28 Jun Q&A With Bobbi Lockyer
Q&A With Bobbi Lockyer
The BMHQ office is located in Banyo, Brisbane. We would first like to acknowledge the traditional owners of this land, the Turrbal and Jagera peoples. We pay our respects to the elders past, present and emerging and acknowledge their continued connection to the land, water and culture of this area. You can see a Map of Indigenous Australia here.
In celebration of 2023’s “For Our Elders”-themed NAIDOC week, we teamed up with Ngarluma, Kariyarra, Nyulnyul and Yawuru artist Bobbi Lockyer to create a six-piece capsule collection showcasing Australia’s natural beauty and indigenous history.
About Bobbi Lockyer
Bobbi Lockyer is an Aboriginal artist in love with rainbows and colour. She is obsessed with the ocean and considers herself a true mermaid queen.
Born and based on Kariyarra Country in Port Hedland, Bobbi’s work blends her love for her community and dream for a better world with her creative soul and passion for her homeland, with all the amazing colours and iconic Pilbara landscapes that inspire her daily.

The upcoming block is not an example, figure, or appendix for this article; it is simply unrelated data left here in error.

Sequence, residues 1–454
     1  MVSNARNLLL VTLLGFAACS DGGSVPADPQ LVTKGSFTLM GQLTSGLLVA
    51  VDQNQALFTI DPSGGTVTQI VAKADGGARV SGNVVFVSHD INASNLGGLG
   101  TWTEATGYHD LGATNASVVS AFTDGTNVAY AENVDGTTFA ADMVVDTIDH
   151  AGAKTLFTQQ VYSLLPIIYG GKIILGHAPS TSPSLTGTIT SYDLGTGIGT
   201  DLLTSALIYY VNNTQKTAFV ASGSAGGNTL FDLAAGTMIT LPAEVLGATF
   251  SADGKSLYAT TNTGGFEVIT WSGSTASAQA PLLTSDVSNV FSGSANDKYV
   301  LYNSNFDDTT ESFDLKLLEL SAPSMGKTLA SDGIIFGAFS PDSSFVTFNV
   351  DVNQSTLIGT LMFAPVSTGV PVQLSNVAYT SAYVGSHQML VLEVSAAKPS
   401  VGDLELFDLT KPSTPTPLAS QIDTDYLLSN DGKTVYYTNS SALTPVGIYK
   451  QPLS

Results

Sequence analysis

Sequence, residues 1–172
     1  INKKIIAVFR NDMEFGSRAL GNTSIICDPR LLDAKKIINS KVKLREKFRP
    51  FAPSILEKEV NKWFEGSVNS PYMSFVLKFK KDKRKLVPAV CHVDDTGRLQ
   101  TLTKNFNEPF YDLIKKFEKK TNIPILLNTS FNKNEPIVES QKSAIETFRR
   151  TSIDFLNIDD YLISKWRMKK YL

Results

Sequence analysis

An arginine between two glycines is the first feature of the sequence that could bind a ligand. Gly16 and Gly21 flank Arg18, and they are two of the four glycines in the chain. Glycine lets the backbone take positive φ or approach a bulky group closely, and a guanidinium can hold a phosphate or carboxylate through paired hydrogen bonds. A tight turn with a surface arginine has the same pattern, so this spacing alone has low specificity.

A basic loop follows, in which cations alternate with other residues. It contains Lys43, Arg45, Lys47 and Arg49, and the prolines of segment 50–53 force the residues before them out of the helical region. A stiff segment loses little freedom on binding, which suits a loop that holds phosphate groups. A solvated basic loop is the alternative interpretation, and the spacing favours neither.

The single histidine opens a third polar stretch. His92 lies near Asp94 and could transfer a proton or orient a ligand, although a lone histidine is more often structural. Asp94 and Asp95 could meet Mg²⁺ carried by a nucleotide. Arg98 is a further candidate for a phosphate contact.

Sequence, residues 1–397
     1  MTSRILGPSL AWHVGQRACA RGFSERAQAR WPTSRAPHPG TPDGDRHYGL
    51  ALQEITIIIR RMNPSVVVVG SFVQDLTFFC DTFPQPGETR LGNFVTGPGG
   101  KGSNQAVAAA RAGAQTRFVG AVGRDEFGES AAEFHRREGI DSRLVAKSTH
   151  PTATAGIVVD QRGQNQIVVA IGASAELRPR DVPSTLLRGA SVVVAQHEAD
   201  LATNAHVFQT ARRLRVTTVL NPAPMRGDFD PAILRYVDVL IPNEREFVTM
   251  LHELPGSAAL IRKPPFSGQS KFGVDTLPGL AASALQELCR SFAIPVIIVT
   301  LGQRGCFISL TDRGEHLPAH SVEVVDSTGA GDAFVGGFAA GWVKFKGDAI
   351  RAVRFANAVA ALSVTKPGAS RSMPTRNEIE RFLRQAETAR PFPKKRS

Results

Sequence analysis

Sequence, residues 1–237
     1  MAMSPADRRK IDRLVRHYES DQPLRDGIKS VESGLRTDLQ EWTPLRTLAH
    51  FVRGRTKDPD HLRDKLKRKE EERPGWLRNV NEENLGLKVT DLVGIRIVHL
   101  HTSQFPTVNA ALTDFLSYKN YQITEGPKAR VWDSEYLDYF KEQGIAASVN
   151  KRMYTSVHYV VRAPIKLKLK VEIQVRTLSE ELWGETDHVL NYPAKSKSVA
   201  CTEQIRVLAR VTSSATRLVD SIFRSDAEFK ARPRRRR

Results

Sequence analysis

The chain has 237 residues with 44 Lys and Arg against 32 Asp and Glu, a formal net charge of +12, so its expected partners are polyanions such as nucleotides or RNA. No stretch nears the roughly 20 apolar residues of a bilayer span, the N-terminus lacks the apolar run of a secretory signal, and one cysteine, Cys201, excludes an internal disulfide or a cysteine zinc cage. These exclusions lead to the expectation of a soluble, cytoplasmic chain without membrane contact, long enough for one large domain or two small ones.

Bobbi is a proud Ngarluma, Kariyarra, Nyulnyul and Yawuru woman, raising her four boys on the land that raised her. She feels a deep affinity for country and community and uses her art, fashion and photography as a platform to raise awareness of social justice issues, including Indigenous rights and women’s rights.
We asked Bobbi a few questions to find out more about her artwork, her inspirations, and her connection to country.
What is the significance of NAIDOC week?
NAIDOC Week holds deep significance for me and my community. It is a time when we come together to celebrate the rich history, culture, and achievements of Aboriginal and Torres Strait Islander peoples. One of the most important aspects of NAIDOC Week is the chance for all Australians to learn about and appreciate the diverse cultures and histories of First Nations people. For me, NAIDOC Week is a time of immense pride. It’s a reminder of the resilience, strength, and wisdom that have been passed down through generations. It’s a celebration of our survival, our connection to the land, and our ongoing contributions to society. During this week, we come together as a community, honouring our ancestors, and cherishing the bonds that tie us all.
NAIDOC Week also serves as a platform for us to address the challenges and issues that our communities face. It’s an opportunity to advocate for social justice, equality, and recognition of Indigenous rights. Through various events, discussions, and activities, we raise awareness and promote positive change.